Ron Burkle Will Manage Your Money For Free Until He Manages It Better

[caption id="attachment_100373" align="alignright" width="260"] Let's be reasonable...[/caption] So things aren't great at Yucaipa Cos. It's bounced back a bit since its books showed a 40% loss at the end of 2011, but it was still down 19% at the beginning of this year. And, it seems, investors were insufficiently impressed with the discount he consequently offered.
Author:
Publish date:
Updated on

Let's be reasonable...

So things aren't great at Yucaipa Cos. It's bounced back a bit since its books showed a 40% loss at the end of 2011, but it was still down 19% at the beginning of this year. And, it seems, investors were insufficiently impressed with the discount he consequently offered.

The fee cut wasn’t enough. Last fall, some of the pension investors raised the possibility of ousting Mr. Burkle as the fund’s manager, according to two people with knowledge of the fund. A Yucaipa spokesman said no such threat was made directly to the firm.

In November, representatives from several investors including Calstrs, Calpers and the New York pension fund met with Mr. Burkle at the Manhattan headquarters of Bank of America Merrill Lynch, which serves as a consultant to the California teachers’ pension fund. In the three-hour meeting, the investors conveyed their disappointment in the fund and lack of confidence in its future, according to people with knowledge of the discussions.

So Burkle, who would really very much like to raise a new fund one day, caved, waived his management fee and committed not to invest/lose the $50 million in commitments the fund's got left.

Amid the grumbling, Mr. Burkle offered a broader set of concessions. Along with forgoing his annual management fees of just under 2 percent, Yucaipa would not invest most of the remaining commitments, about $50 million. And the firm would not recover any of its own money in the fund until the investors got their money back.

Pressured, Investment Firm Is Said to Skip Fees [DealBook]

Related

Marc Lasry Is Moving To Paris

[caption id="attachment_100005" align="alignright" width="260"] Slumming it.[/caption] If you haven't heard, Avenue Capital's Marc Lasry will be representing you to our oldest and least-reliable ally. The White House didn't intend for you to hear that for a few weeks yet, and Avenue certainly didn't intend for its clients to hear it. But no convention of courtesy or deference can hold Bill Clinton down.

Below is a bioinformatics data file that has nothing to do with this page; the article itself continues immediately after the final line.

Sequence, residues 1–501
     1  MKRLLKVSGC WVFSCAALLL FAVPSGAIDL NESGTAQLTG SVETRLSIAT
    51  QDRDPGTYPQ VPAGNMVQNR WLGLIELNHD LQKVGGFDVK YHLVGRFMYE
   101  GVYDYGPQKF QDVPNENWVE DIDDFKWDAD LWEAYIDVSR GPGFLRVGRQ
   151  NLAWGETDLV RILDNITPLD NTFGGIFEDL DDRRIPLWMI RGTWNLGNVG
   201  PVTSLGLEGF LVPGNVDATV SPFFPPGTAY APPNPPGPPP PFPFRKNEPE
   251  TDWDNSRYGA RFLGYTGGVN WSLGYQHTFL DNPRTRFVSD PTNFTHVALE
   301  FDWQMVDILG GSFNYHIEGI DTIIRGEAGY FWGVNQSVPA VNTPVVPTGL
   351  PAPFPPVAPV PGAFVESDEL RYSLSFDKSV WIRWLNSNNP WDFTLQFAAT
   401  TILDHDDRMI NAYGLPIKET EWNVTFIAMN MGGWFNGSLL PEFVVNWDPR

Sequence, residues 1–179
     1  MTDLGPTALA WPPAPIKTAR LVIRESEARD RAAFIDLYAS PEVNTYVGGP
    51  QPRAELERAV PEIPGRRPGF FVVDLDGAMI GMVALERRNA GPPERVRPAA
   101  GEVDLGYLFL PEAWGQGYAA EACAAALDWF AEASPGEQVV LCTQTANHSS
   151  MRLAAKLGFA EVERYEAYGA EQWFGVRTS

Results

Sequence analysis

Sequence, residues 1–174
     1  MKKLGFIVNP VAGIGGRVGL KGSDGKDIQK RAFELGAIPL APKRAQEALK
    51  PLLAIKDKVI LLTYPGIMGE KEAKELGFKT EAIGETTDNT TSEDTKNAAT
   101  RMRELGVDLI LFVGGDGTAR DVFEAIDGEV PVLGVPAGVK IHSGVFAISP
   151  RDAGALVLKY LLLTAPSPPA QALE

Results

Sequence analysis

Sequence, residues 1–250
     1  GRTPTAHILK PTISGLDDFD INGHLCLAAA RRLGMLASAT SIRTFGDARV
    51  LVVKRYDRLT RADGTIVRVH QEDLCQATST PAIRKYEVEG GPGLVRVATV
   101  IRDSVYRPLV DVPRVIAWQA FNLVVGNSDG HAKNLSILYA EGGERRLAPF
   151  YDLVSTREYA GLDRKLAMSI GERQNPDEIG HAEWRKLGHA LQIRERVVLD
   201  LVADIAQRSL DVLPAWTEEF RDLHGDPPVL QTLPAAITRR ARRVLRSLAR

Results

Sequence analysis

The Ballsiest Country In The Western Hemisphere

[caption id="attachment_100068" align="alignleft" width="260"] The passing of the torch.[/caption] It's not Venezuela, now that old Hugo is gone. It's not Cuba. And it's definitely not the U.S. Indeed, the ballsiest country on this side of the globe seems to be measuring its cojones against us, in a series of direct throw-downs. And Argentina's are bigger.

Facebook Will Take Free Money From Banks But Don't Expect It To Show Any Gratitude

The Wall Street Journal today discovered that universal banks that lend money to companies for cheap tend to want investment banking business in return for that lending and I guess that's a scandal: As the market for technology IPOs revs up and the biggest banks seek to capitalize on the size of their balance sheets, the practice of selecting underwriters that also provided loans is coming under focus, spurred by Facebook's IPO process. Critics of the practice say the choices aren't accidental and reflect the "you-scratch-my-back-I-scratch-yours" way that Wall Street works. Bankers, for their part, say they aren't allowed to make loans on the condition that they receive other business, but borrowers can use the loans as a factor in choosing underwriters. Some bankers say that lending is just one of the many services they offer companies. At Facebook, the credit line played a role in the batting order for underwriters, said a banker who worked on an underwriting pitch to the company. When I was young and naive and pitching for underwriting business against banks that did lots of lending, I always thought that banks "aren't allowed to make loans on the condition that they receive other business, but borrowers can use the loans as a factor in choosing underwriters" thing was ripe for a scandal. I still sort of think that: I just do not believe that no client coverage banker has ever said "we'll be in your credit facility but only if you promise us underwriting or M&A business." (Some people agree with me!) And, as the Journal notes, that would be a criminal violation of the antitrust laws, which is unspeakably weird but there you go. But if you ask a banker who has been carefully and recently briefed on anti-tying regulations, he will probably tell you something like "we don't demand underwriting business to provide a loan. Companies demand loans to get underwriting business." And, as the Journal says, that's not illegal.